And whose to blame them? On Tuesday, Nevada Democrats abandoned ship on its plans to use a similar technology to that of Iowa for its early primary caucuses that take place in less than three weeks.

However, after witnessing the technological chaos the Iowa Democratic Party (IDP) suffered during its caucus from its poor decision to use its reporting app, Nevada ensures the same won’t happen on its watch.

“We will not be employing the same app or vendor used in the Iowa caucus,” Nevada State Democratic Party chair William McCurdy II said in his Tuesday statement.

“We had already developed a series of backups and redundant reporting systems, and are currently evaluating the best path forward.” Molly Forgey, a spokeswoman for the party, added that the party would not be using the original app developed by the original vendor, Shadow.

McCurdy II emphasized that the party “can confidently say that what happened in the Iowa caucus [Monday] night will not happen in Nevada.”

But its not just McCurdy II who stresses this notion. Former U.S. Sen. Harry Reid, who is credited with building Nevada’s Democratic Party, believes with “100% confiden[ce] that what happened in Iowa will not happen in Nevada.”

“I see this as an opportunity to learn. We’ve got time,” said Donna West, the current Clark County chair in Nevada, deferring further questions about the process to the state party.

But just for shits and gigs, what was the technology that Nevada Democrats would have utilized, but for the lack of foresight with the app’s development?

For one, they had announced plans to use two apps: one to tabulate results, as Iowa did, and a second app pre-loaded onto tablets for voters to use at caucus sites to cast online votes during four days of early voting.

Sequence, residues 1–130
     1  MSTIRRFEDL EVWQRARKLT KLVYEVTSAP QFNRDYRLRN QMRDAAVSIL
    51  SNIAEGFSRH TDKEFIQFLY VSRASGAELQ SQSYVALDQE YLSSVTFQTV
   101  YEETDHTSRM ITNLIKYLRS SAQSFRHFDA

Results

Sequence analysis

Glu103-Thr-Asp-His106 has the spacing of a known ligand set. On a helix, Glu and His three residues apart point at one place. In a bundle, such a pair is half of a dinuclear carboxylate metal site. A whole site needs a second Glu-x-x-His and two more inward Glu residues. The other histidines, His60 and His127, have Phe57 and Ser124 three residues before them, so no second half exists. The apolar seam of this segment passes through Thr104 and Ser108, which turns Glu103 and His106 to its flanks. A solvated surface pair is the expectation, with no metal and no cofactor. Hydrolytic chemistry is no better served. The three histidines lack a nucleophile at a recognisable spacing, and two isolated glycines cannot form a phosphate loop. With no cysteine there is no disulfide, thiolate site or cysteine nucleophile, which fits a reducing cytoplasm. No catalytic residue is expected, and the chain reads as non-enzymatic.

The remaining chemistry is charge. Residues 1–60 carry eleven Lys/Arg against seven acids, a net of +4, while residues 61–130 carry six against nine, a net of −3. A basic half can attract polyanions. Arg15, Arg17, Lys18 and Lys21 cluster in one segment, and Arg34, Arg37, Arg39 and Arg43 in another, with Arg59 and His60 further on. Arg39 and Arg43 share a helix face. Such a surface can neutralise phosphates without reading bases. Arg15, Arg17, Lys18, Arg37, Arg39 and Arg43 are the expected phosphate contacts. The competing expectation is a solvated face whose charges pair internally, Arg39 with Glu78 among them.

Fancy.

But get this. According to the party’s spending reports filed with the Federal Election Commission, you know that big regulatory agency that enforces campaign financial laws with respect to U.S. federal elections?

The Nevada Democratic Party, according to the reports, paid Shadow Inc. $58,000 for technology services in August. Additionally, the party’s state-based fundraising reports also reflect payments totaling about $50,000 in October and December.

In Times of Crises, There Are Powerful Lessons to be Learned

Disasters aside, this is a huge discovery for future campaigns. Why?

We are finally witnessing what is supposed to be our country’s leaders, red and blue, recognizing the importance technology in 2020, and how it really can help improve everyday life. Just ask New Hampshire and South Carolina, which both choose to hold primaries instead of caucuses, and who deeply support what they believe to be “well-tested” systems.

That’s to be determined.

At the end of the day, Iowa’s tech mishap will hopefully force other states to get on-board if they want to stay relevant or on an even-level playing field for the future.

Interestingly enough, the party hasn’t ruled out the possibility of using another app to tabulate its results. But no other details regarding this have been released.

And unlike Iowa, Nevada is taking its time and due diligence:

“We developed a reporting application in order to streamline the caucus process and provide our volunteers with additional support to run their caucuses as efficiently as possible,” said Shelby Wiltz, the caucus director for the Nevada Democrata in a statement to The Associated Press.

“We’ve gone through several rounds of testing and continue to work with a team of security experts with varying backgrounds to ensure the integrity of our process.”

Where party officials in Iowa were not allowing precinct chairs to painstakingly download the new mobile app until just before the caucuses, Nevada has encouraged its precinct chairs to tear that app up for the past month, ultimately reducing what would be technological ineptitude on game day.